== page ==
Successful breastfeeding can mean different things — for some, it is breastfeeding on demand, for others, it may be supplementing breast milk with formula. BFARs, especially, have to be open to different definitions of success. I have never felt more successful than when I was breastfeeding my son while supplementing with formula at the breast.
One of the amazing things about the human body is that the milk supply increases with each pregnancy. When I had my daughter 3 years later, I did not need to supplement her with formula at all, although I took domperidone daily.
Looking back on the experience, I still see my success with my second child as the true victory. I couldn’t have done it without a supportive partner, a knowledgeable lactation consultant, and a pediatrician who trusted me and was willing to be flexible.
If you are considering breastfeeding after breast surgery:
- Arm yourself with as much knowledge as possible. If possible, get a copy of “Defining Your Own Success: Breastfeeding After Breast Reduction Surgery” by noted breastfeeding expert (and BFAR mother) Diane West. The book is extremely detailed and hopeful, with real-life stories (although West acknowledges the information on low milk supply is outdated).
- Join the BFAR support group on Facebook and ask lots of questions.
- Hire an international board-certified lactation consultant (IBCLC) who has experience working with other women who have had breast surgery. Don’t settle for someone who has a vague idea of what that means.
- You may also want to discuss your plan with your pediatrician and arrange for regular baby weigh-ins.
- If you’re comfortable, talk to your doctor about getting a prescription for a medication that can enhance milk supply. Domperidone is not available in the United States, but there are other medication options. You’ll need to talk to your doctor about the benefits and side effects to decide if this is right for you.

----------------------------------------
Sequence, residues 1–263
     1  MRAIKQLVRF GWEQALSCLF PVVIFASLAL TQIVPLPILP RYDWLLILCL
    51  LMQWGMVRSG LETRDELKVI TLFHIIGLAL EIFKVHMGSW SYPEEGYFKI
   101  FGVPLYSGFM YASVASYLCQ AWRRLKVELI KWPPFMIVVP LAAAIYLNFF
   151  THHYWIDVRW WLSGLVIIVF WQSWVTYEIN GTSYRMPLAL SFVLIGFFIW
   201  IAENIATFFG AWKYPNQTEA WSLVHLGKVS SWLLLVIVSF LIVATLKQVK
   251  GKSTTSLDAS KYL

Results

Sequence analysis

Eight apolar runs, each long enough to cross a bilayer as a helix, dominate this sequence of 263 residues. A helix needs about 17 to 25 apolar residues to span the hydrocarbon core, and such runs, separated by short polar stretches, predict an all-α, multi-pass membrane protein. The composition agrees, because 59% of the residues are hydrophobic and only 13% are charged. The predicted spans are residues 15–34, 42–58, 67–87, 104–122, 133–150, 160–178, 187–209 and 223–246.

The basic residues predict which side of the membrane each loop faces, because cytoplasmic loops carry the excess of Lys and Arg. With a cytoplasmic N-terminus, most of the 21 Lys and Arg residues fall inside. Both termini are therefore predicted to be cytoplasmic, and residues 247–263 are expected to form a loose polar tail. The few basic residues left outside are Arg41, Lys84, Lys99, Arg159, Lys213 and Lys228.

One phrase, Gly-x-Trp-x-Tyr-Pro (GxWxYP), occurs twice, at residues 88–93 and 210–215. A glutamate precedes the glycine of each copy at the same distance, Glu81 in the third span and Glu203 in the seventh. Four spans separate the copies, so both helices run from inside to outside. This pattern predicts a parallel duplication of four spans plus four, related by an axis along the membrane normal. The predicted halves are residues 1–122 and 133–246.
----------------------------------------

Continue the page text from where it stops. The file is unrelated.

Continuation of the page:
- Do not let anyone tell you that breastfeeding isn’t worth it or that it will happen if nature wills it. Don’t let them make you feel guilty for your choices — past and present.
- Let go of your guilt. Having a breast reduction made sense at that time and helped make you into who you are today.
You may have to define what success looks like in a different way than you want, and that can be painful. Acknowledge what your limits are. Being a new mom is difficult enough without also trying to overcome physical limitations to nursing. Breastfeeding can be a wonderful thing, but it’s also possible to have the skin-to-skin contact and lots of nourishing feeding interactions while bottle feeding.
Now that my kids are older, I know that the dichotomies between breastfeeding and formula, and good mother versus bad mother are false. There are no health variations between my three kids and their different feeding methods. No one remembers or cares if your adolescent was formula fed. Successfully breastfeeding my kids has given me satisfaction, but it is just one more thing in the beautiful mix of being a mother.
Emma Waverman is a freelance journalist living in Toronto with her three kids, husband, and noisy dog. Her food and lifestyle writing can be found in magazines, newspapers, and all over the internet. She is the co-author of the best-selling family cookbook “Whining and Dining: Mealtime Survival for Picky Eaters and Families Who Love Them.” Follow her adventures and typos on Instagram and Twitter at @emmawaverman.